Wood was eventually able to laugh about it.
“It’s about that time of year, isn’t it?” he said the next day. “Just typical. I was getting out of the hot tub at the house and took a little spill.”
After covering Wood for 10 of his 15 seasons, my last question to him occurred the night of May 8, after he threw his glove and hat into the stands during a loss to the Braves. Actually, the question never really was posed.
The words “throwing the glove” led to the response: “Irrelevant, dude. Why the (bleep) would you even bring that up?”
Wood then stalked off.
An hour after Wood’s farewell press conference Saturday, we talked near his locker about the incident, shook hands and I wished him luck in his next chapter.
Another perfect ending.
Okay. Are we done now? Is that enough? Can we stop talking about a guy who choked in the biggest game of his career and wasn’t good enough to pitch in Cleveland?
You might not know it but there was a baseball game in Chicago yesterday as well. As Steve Rosenbloom noted, the Cubs decided to hug tradition and load their line-up with right handed hitting because that’s what you do against lefties. The problem with that is the fact that righties are hitting .269 against Danks while lefties average around .309.
Scott Merkin talks about how that brilliant move almost allowed Danks to have a no hitter.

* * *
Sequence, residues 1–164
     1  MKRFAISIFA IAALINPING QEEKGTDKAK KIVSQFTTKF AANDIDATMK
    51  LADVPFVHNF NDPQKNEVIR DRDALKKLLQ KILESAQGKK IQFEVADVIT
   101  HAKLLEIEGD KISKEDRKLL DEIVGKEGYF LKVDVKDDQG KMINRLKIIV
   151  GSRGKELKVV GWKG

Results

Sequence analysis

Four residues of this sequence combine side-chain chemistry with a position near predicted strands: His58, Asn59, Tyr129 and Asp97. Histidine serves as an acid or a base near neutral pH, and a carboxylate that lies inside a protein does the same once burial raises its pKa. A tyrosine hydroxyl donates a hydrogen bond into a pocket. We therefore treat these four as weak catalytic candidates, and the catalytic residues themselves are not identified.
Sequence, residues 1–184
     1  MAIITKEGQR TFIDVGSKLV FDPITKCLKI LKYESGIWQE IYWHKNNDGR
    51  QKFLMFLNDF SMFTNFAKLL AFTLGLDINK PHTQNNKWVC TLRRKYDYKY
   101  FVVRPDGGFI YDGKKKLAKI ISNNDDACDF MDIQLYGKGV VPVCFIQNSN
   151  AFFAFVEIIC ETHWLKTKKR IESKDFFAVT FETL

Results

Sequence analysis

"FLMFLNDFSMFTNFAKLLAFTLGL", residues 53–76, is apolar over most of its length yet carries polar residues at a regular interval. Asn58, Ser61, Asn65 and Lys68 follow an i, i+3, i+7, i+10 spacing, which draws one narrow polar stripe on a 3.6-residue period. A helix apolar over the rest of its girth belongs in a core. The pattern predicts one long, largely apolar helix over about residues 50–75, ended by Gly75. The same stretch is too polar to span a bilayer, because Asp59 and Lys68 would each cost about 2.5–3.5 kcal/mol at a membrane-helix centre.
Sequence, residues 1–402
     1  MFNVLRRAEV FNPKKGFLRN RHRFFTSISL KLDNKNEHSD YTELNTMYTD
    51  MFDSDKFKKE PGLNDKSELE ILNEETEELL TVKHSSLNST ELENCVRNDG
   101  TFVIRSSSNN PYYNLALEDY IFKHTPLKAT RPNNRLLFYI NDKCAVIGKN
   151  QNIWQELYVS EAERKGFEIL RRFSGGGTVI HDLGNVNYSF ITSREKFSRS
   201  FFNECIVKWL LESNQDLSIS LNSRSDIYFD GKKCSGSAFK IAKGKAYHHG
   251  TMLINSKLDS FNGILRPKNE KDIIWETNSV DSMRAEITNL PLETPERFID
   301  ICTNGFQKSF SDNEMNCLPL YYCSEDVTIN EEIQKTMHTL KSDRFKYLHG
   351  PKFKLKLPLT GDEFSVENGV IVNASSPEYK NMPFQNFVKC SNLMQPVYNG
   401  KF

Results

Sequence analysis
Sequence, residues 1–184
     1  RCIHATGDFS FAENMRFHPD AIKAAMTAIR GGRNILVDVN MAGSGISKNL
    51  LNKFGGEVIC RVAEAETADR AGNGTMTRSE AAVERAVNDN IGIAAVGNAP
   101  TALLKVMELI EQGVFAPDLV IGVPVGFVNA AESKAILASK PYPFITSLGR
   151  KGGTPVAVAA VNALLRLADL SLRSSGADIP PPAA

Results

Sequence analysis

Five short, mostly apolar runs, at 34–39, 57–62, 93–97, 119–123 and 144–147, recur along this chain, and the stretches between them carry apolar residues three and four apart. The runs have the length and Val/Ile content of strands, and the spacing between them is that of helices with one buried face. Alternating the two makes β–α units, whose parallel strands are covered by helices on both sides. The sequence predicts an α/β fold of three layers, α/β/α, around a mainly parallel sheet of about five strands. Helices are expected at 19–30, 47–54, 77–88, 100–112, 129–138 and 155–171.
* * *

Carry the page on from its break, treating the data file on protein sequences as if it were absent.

In a perfect White Sox world, John Danks would pitch scoreless baseball over six or seven innings every time out and Paul Konerko, Adam Dunn and Dayan Viciedo would be in the middle of their lineup slugging against opposing pitchers.
They had to settle for three of those four options on Saturday night at Wrigley Field, as the White Sox cruised to a 7-4 victory over the Cubs before 40,228 on a beautiful night for baseball. The final score was a bit deceiving after Alfonso Soriano and Joe Mather lofted a pair of two-run home runs off Zach Stewart in the ninth.
Prior to that outburst, the White Sox (20-21) were in complete control during their third straight victory. Part of the credit for this easy victory goes to the southpaw Danks (3-4), who battled out of a season-long funk to shut down a Cubs lineup featuring eight right-handed hitters.
The Cubs (15-25) actually didn’t have a baserunner until one out in the fifth, when Soriano ripped a double down the left-field line.